The eruption rapidly gained in vigor as more vents opened on the flanks of the cone ejecting pyroclastics at an ever increasing mass eruption rate. Shortly after the beginning of the eruption, a large eruption column rose up, attaining the famous shape of a pine tree already described from the AD 79 eruption. The height of the eruption column at this stage exceeded 20 km and may have reached up to 28 km, thus the eruption was Plinian. Ash began to fall around the volcano about one hour after the onset of the activity, but heavy block and scoria fall began at about 1000 in the direction of Ottaviano (NE flank of Monte Somma), a village that later was to suffer from numerous other eruptions of Vesuvio.

Also during the forenoon of 16 December, a continuous tremor began to be felt in Napoli, it did not cease until 8-10 hours later. Darkness fell over the area around the volcano and reached Napoli at 1600 on that fatal day.

The main portion of the eruptive plume was however blown towards E, causing darkness and tephra falls over southern Italy as well as over the Balkan. Slight asfalls are reported to have occurred as far as Constantinople, W Turkey, about 1250 km from the volcano. Detailed contemporaneous descriptions of the ash fall from various locations are cited in Rosi et al. (1993). The proximal maximun thickness of the initial pumice deposit is 1.5 m at Canale dell'Arena.

After the initial Plinian phase, between 1900 and 2200 on 16 December, the eruption assumed a pulsating character. This was accompanied by strongly increased seismicity. During the night of 16-17 December, strong earth shocks occurred at intervals lasting 1-15 minutes.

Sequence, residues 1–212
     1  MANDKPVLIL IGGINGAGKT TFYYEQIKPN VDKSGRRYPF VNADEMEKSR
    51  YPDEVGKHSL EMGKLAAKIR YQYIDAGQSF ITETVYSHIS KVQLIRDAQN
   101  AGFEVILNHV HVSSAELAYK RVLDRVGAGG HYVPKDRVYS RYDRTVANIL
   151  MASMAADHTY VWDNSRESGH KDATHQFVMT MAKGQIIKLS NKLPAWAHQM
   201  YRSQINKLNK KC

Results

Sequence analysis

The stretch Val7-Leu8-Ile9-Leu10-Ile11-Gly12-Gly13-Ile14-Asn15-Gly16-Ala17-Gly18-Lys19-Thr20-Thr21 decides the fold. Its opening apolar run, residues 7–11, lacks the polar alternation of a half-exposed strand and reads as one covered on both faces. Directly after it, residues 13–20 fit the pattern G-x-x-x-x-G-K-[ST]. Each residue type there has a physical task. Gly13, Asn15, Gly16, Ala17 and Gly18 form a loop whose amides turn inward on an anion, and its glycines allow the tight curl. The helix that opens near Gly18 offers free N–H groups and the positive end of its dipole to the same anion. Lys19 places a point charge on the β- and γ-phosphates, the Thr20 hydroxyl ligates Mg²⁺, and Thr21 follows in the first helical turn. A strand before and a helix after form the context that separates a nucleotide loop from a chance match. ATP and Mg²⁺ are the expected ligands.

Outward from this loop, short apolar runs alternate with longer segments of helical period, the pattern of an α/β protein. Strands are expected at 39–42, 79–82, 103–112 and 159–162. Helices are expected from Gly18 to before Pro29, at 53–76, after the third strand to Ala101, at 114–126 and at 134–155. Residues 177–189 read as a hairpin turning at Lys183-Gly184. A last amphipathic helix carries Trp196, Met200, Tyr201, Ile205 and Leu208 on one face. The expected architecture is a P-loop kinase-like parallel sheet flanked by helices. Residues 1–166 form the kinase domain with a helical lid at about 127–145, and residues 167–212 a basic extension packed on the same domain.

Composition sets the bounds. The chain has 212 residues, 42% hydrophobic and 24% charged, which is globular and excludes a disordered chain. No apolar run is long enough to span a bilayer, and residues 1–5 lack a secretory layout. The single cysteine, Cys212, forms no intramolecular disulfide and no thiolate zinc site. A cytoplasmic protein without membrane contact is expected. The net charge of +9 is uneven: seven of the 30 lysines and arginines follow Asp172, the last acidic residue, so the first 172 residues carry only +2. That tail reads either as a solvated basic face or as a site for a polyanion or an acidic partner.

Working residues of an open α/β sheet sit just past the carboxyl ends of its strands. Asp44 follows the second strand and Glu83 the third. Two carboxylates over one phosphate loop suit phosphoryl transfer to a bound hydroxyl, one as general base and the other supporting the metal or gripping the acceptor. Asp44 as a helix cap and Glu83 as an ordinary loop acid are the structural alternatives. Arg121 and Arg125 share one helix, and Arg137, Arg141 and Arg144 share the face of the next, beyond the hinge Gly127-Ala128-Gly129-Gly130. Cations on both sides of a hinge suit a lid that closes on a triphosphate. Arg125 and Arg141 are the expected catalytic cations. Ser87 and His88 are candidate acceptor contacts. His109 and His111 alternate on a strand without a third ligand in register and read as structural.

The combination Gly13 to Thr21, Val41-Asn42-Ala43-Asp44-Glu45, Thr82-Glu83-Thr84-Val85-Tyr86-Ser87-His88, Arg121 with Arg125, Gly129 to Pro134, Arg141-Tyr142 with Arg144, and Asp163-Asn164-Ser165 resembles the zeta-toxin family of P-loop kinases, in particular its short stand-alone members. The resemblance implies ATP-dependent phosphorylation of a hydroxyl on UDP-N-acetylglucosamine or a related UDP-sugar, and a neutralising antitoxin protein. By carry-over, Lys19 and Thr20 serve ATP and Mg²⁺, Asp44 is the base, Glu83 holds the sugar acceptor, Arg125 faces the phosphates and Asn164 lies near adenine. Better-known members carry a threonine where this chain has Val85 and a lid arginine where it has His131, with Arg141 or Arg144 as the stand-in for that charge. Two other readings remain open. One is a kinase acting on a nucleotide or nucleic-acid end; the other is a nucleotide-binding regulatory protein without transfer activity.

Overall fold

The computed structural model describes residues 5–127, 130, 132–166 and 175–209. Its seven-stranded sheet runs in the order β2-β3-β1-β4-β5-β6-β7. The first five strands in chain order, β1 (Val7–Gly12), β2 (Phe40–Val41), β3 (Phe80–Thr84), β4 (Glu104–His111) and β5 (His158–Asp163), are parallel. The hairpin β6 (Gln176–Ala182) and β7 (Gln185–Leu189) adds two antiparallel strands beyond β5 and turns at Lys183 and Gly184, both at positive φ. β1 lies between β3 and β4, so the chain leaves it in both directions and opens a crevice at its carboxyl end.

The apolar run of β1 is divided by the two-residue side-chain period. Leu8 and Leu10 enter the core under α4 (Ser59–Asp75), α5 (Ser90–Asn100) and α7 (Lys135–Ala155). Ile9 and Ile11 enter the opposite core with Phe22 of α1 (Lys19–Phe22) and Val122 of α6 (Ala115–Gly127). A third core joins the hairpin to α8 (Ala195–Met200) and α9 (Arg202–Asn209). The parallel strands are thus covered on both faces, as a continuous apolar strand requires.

At about 0200 on 17 December, there seems to have occurred the first glowing avalanche that was observed to descend into the Atrio del Cavallo. At around the same time, strong rainfalls remobilized great amounts of already fallen ash to form lahars that caused damage and disruption on the N and NE sides of Monte Somma.

During the morning and early forenoon of 17 December, the activity fluctuated with occasinal surges of sub-Plinian to Plinian activity that caused tephra falls around the volcano. As day broke on the 17th, the summit of the volcano was seen to have already been partially destroyed by the activity.

Another view of the 1631 eruption, showing distinct trails of "smoke" on the flanks of Vesuvio, evidence for the occurrence of pyroclastic flows. This is how Giovan Batista Passaro saw the eruption on 16 December 1631 from Napoli. Note that fallout from the eruption column is indicated on its left side, showering tephra on Monte Somma and the villages lying on its NE and E sides. This is the typical main direction of tephra fallout during eruptions of Vesuvio. Some strange pattern on the slope of Monte Somma may indicate slides of abundantly fallen tephra

At about 1100, after a strong and continuous series of earthquakes, a large mass of ash, gas and stones shot out of the crater and spilled down on all sides of the erupting cone, covering it almost completely. Contemporary reports speak of the apparent disintegration, or liquefaction, of the mountain. The swift movement of the material resembled to many the flow of water, thus many sources actually speak of water that came from the volcano at that stage. In fact, the phenomenon was again, like in the AD 79 and 472 eruptions, pyroclastic flows.

The emplacement of the pyroclastic flows was accompanied (not followed) by a retreat of the sea around all of the Gulf of Napoli, amounting to 3-4 m, and in places to 6 m. Some 10 minutes after, a tsunami with runup heights of 2-5 m hit the shores.